Goddesses come in many forms.
Those for patience or intellect, lust or obsession, revenge or independence, righteousness or justice.
And of course, culinary. For every good meal start’s in the kitchen eyed by a goddess. Usually a mother, in the case of many chefs, aspirants and myself. Devi means Goddess in Hindi, and its no wonder that a Ganesha eyed you while you walked the street to it. Touted as the first Michelin Star Indian restaurant in New York, I expected magnificence from Chef Suvir Saran, who grew the business into a swanky catering service too.
A petite, illuminated red two story seating style greeted me. The first thing I did was arch my neck to see the Persia-meets-Rajhasthan stain glass light fixtures hanging in multiples from a mystic ceiling space. With seasonal corn cobs in autumn hues and dim gold and bronze lighting, it was immediately comforting, banishing any fatigue, adrenaline and letting me sink into its comforting abyss. Red is my favorite hue, after all.
Seated next to a glass mosaic red Ganesha peeking out of the window was a magical touch. Almost as if he too, was fond of people watching, and restfully felt like passing the day as my accomplice in culinary and people watching skills.
Sporting a bohemian Warli print shirt of Delhi, I waited, elevating my expectations, and to no surprise, seeing them completely met. Starting with the golden polka dot gilded plate and lotus motif backed menu art.
I started with the tamarind sour, one of my favorite flavors and preferred notes (Sour is my namesake, obviously). With indigenous tamarind Indian fruit shaken with orange and cranberry juice, it was tart alright. Perfect for cleansing the palette before a hearty Indian meal, with curry leaves and candied ginger to nibble on.
With a penchant for the hard to find Indian Chinese cuisine, I opted for a childhood favorite, the Manchurian cauliflower. Far before the vegetable became a superfood and started trending, I fell in love with its crunchy and tree-like texture dipped in tomato, garlic and green chili thick sauce.
With a flaky, crunchy crust that melts when the sweet and sour sauce hits the tongue, this was a starry perfection on a plate. I ordered it twice, another rarity in my frivolous quest for variety based food.
Keeping in sync with the Michelin minimalism and surprise quotient, the light tomato and heavy spice South Indian rasam broth was a warmer palette cleanser, clearing more than the palette (read as congestion evict-er!).
Anyone who knows me knows that I am infatuated with cottage cheese, aka paneer. A staple in any Punjabi kitchen, its no surprise that this more eloquent sibling of tofu and more hipster friend of cheese is a given when you hear my name. The paneer and zucchini kofta were a traditional Indian looking entree steaming in tomato, garlic and cumin gravy. The vegetarian equivalent of a meatball, this was spongy textured owing to soft, freshly made paneer that soaked in the gravy flavor, with zucchini added for a fibrous and tougher, rigid taste. For there’s nothing worse than a soggy ball. Kofta ball that is.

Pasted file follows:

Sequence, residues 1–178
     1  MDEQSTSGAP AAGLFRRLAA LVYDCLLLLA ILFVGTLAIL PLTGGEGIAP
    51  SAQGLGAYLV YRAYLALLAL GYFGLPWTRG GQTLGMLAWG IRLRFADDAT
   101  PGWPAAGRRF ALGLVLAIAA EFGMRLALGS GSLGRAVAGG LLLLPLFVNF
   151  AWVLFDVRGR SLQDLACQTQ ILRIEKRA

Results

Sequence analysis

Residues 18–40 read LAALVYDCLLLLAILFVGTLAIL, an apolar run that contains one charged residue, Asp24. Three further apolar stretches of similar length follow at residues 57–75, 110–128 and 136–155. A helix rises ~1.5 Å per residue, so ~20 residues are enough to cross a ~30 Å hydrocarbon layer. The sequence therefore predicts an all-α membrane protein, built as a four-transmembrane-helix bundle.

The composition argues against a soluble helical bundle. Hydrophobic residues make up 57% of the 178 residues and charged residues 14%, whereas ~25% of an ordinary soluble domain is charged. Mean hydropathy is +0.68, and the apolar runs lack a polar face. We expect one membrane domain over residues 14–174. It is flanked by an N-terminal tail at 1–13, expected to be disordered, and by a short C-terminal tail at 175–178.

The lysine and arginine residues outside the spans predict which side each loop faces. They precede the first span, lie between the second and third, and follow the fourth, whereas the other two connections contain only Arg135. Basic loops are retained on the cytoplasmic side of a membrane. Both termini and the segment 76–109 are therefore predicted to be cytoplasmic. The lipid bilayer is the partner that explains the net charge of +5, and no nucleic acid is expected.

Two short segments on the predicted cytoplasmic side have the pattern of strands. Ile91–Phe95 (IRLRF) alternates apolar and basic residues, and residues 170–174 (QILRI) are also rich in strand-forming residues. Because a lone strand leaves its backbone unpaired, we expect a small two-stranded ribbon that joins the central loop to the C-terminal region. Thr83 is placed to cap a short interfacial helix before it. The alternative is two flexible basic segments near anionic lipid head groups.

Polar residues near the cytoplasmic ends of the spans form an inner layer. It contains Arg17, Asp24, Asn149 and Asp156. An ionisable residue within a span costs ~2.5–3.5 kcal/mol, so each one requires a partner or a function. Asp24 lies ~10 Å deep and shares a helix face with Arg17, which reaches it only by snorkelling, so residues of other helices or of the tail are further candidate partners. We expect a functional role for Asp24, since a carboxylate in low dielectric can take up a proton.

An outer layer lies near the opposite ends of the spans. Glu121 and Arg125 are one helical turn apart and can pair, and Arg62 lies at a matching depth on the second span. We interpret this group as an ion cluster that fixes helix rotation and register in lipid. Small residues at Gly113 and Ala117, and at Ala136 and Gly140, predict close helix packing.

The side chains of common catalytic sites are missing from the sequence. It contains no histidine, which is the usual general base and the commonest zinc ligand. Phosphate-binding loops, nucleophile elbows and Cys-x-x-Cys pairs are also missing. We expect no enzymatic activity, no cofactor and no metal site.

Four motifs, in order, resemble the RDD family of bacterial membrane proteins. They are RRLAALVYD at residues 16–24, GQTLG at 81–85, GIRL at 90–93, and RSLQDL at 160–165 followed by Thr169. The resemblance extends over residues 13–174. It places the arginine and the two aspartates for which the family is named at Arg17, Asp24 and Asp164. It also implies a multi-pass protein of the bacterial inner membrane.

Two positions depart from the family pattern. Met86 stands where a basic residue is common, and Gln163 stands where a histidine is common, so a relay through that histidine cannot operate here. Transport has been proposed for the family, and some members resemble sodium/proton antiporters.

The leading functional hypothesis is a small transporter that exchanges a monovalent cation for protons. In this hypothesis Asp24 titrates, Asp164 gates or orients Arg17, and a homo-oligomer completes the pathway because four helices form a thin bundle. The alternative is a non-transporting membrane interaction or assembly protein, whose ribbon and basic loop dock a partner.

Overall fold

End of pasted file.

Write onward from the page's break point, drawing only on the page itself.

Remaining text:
To my surprise, these were stuffed with prunes! While almost missable to look in an underwater texture, the surprising tang and bitter center to an otherwise butter centered dish was a delightful surprise. Due to the richness of the flavor, I opted to pair the kofta with simple naan and rice, saving up room for desserts, obviously.
The one thing about Indian Michelin Star restaurants is that the desserts are so familiar of a childhood memory, yet juxtaposed with the wildest of dreamy inventions and ingredients. I opted for a seasonal favorite, containing mango.
The mango almond cheesecake arrived shaped like a giant, gelatinous wobbling marshmallow atop a thick mango sauce, bordered with caramelized pistachio. With two nuts in this concoction, the textures were perfect: granular, crunchy and, despite being a soft dessert, alarmingly rigid and consequently filling. The mango was a subtle and sweeter flavor, which matched well with the nuts. Definitely a more superior cousin to a plain cheesecake, this one was more tart and made up for its softness with a nut duo.
Not to mention, architecturally crafted on a plate.
With a fulfilling meal at a fine Union Square outpost, I tumbled back into New York’s succulent city, satisfied with the whiff of a lasting memory of India’s culinary skills well preserved on this side of the Atlantic.
The Goddess of culinary was just to me. With a happy Ganesha for company.
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